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Yi jiu si er (original title)
Runtime : 145 min
Genre : Drama
Movie Release : 29 November 2012 (New Zealand)
Writers:Zhenyun Liu (novel), Zhenyun Liu
Stars:Tim Robbins, Adrien Brody, Daoming Chen
Language:English | Mandarin
A deadly drought in 1942 takes its toll on central China’s Henan province during the war against Japan.
Good film, could’ve been a great film.
A rather controlled and somber depiction of a dark chapter in modern history, subtly echoing another tragedy that happened 16 years later. Surprisingly un-judgmental and un-sentimental for a historical film recreating despair and lowest possible form of human existence.
Feng presents the multiple layers of clues and facts that lead to the ultimate tolls almost as-matter-of-factly, leaving the audience putting together the puzzles and drawing their own conclusions, which is a rather clever way of avoiding censorship and engaging the audience.
Could have been A LOT grittier and more affecting. The acting is powerful in this film. However for a film depicting a major famine that claimed over 3 million lives in recent history, not much huger is shown as visuals in the film, most of the lingering hunger is talked about/acted out (as opposed to being displayed visually) which reduces the general affecting power of the film.
Xu Fan and Zhang Guo-Li are amazing in this film with their acting. Xu gives her most powerhouse performance yet, portraying the tough bottom- feeder hillbilly b*tch who would attempt anything/everything in defending her and her family’s rights to live. However for a country woman who’s been starving for over 100 days and more than willing to sell her bottom half for a couple of crackers, what’s with her double- chin? (think Jennifer Lawrence’s face in The Hunger Game – she can act all she wants but I’m sorry, girlfriend is just NOT that hungry) What TF happens to her makeup artist team and special visual effects people?!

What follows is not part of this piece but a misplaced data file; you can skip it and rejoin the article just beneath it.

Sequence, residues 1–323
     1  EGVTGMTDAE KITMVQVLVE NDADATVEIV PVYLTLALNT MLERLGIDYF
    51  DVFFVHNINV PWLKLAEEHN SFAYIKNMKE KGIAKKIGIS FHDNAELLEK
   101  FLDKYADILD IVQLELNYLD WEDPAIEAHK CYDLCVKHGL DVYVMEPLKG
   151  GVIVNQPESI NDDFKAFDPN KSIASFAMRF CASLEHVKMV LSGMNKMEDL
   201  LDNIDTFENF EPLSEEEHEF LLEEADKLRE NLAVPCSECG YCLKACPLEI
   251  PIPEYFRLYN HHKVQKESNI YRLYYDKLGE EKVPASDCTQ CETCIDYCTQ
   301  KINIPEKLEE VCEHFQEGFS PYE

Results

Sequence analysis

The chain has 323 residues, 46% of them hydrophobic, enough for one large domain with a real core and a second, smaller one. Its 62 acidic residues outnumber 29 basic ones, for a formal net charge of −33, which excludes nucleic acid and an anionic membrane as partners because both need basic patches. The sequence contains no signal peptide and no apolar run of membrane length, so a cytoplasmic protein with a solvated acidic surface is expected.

Adrien Brody is effectively engaging as a very eager T.H. White who’s desperately trying to expose the truth, whether driven by his journalist instincts, Pulitzer, or a genuine sympathy for the poor and depraved. However don’t even get me to start with Tim Robbins – why is he even in the film??? The couple of scenes he’s in are cringe-inducing. Even if you edit them out altogether it would not affect the story’s flow whatsoever.
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